Nevertheless, Rossi threw a right hook at the three candidates when he said he has been given the most praise from the Globe and Mail, the National Post, Toronto Life and others on his “together we can” comprehensive fiscal plan.
Toronto mayoral candidates Rob Ford and Joe Pantalone watch George Smitherman speak.
Toronto mayoral candidates Rob Ford and Joe Pantalone watch George Smitherman speak.
After brief exchanges from all the candidates in regards to Ford’s Woodbine Live contributions, Rossi stated: “What I would ask in the discussion specifically about Woodbine Live, both the Sun and the Globe basically conducted a study in what role, and Mr. Ford is definitely exaggerating his role, so lets leave it at that.”
“I’ve been privileged in my life to represent the better part of those areas [midtown Toronto] for ten years in the Ontario legislature and to see so many familiar faces,” said Smitherman, a former Ontario deputy premier and a man who has received an endorsement from former rival Sarah Thomson.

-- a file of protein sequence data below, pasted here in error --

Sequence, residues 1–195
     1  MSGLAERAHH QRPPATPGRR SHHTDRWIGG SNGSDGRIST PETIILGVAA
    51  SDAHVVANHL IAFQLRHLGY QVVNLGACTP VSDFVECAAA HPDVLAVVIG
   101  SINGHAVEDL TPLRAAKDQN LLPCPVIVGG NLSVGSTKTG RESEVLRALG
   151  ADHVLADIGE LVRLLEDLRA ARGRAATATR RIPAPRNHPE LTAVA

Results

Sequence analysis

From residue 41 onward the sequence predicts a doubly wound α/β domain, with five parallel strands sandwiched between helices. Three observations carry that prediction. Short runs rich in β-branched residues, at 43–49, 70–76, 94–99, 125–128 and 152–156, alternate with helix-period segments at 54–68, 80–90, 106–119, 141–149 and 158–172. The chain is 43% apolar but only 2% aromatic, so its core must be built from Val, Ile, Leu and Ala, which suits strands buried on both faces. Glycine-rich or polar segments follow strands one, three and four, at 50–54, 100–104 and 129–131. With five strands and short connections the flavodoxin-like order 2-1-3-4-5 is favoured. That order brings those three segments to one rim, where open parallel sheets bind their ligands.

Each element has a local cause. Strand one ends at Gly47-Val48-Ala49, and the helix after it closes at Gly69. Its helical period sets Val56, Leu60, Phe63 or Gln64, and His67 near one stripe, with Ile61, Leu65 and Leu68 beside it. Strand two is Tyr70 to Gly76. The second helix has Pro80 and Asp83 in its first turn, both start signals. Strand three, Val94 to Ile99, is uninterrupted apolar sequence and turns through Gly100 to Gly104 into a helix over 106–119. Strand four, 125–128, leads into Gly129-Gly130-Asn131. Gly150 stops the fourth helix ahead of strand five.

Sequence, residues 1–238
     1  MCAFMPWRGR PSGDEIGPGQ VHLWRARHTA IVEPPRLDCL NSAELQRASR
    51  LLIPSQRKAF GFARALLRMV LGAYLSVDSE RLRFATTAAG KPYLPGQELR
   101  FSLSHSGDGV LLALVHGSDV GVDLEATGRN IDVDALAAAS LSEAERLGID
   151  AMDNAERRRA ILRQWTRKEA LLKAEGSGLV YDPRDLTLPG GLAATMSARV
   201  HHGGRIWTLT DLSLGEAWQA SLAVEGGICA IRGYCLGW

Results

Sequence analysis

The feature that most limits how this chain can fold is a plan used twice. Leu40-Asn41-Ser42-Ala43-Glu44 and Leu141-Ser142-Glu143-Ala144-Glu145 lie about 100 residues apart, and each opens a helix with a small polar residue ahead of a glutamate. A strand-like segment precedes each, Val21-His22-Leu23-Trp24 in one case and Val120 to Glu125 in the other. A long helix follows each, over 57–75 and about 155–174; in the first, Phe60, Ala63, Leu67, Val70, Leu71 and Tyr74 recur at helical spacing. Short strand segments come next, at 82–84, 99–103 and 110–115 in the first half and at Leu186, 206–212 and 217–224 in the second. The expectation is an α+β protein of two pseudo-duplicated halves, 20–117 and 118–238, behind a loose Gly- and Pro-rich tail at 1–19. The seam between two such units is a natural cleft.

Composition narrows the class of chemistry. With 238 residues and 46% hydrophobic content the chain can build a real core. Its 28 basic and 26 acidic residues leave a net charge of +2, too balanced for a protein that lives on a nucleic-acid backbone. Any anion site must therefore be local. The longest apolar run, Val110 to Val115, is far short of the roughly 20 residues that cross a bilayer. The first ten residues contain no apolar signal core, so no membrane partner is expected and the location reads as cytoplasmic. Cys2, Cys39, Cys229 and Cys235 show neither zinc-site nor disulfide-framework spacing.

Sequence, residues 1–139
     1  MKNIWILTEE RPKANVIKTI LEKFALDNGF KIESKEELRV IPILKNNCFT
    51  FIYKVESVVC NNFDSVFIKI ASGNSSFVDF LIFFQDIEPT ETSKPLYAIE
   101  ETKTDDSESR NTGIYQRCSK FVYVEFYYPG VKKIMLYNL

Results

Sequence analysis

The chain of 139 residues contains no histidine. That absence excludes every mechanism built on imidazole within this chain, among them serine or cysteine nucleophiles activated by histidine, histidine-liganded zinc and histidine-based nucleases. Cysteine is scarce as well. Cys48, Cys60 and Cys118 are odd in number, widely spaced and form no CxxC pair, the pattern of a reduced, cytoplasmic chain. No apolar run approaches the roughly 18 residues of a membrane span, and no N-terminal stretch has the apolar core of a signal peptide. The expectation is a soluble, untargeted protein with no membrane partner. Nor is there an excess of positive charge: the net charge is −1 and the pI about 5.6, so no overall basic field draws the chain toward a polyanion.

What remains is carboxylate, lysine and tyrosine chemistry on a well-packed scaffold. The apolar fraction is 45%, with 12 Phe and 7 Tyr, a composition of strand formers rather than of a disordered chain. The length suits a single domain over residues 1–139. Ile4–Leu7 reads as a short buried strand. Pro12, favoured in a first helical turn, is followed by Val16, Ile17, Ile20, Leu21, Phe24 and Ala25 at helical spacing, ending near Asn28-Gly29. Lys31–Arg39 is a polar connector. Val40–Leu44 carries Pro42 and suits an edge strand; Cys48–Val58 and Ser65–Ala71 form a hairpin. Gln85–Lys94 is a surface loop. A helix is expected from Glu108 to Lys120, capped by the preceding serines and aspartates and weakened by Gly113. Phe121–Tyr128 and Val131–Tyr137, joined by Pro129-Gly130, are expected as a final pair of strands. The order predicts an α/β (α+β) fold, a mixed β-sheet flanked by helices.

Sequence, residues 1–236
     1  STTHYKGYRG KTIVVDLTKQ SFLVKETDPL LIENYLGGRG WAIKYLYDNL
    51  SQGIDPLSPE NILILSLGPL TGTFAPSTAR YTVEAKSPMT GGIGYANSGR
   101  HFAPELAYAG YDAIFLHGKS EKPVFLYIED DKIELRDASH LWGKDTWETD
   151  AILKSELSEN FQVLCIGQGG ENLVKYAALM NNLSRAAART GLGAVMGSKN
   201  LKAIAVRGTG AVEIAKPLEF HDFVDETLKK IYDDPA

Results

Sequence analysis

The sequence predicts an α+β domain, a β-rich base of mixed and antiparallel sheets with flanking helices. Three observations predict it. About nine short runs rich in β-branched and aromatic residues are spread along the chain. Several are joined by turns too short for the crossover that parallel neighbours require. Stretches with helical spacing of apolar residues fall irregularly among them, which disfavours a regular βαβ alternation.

“My vision of a Toronto is of a city that leads again. A city that makes it possible to balance our books. A city that is as powerful as we are large. A city that makes it possible to get from point A to point B. A city that is prosperous again.”
The Toronto mayoral Yorkville debate.
The Toronto mayoral Yorkville debate.
There were more shots traded between Smitherman and Pantalone than between Smitherman and Ford, which is usually the case at press conferences and other public debates.
Voters head to the polls
The race for mayor continues to sizzle when the candidates debate at the Canadian-Jamaican mayoral debate in the city’s west-end.
Toronto voters head to their nearby polling stations on Oct. 25, but can cast their vote early at a designated polling area. Rossi has already casted his vote, while Thomson submitted her choice last week.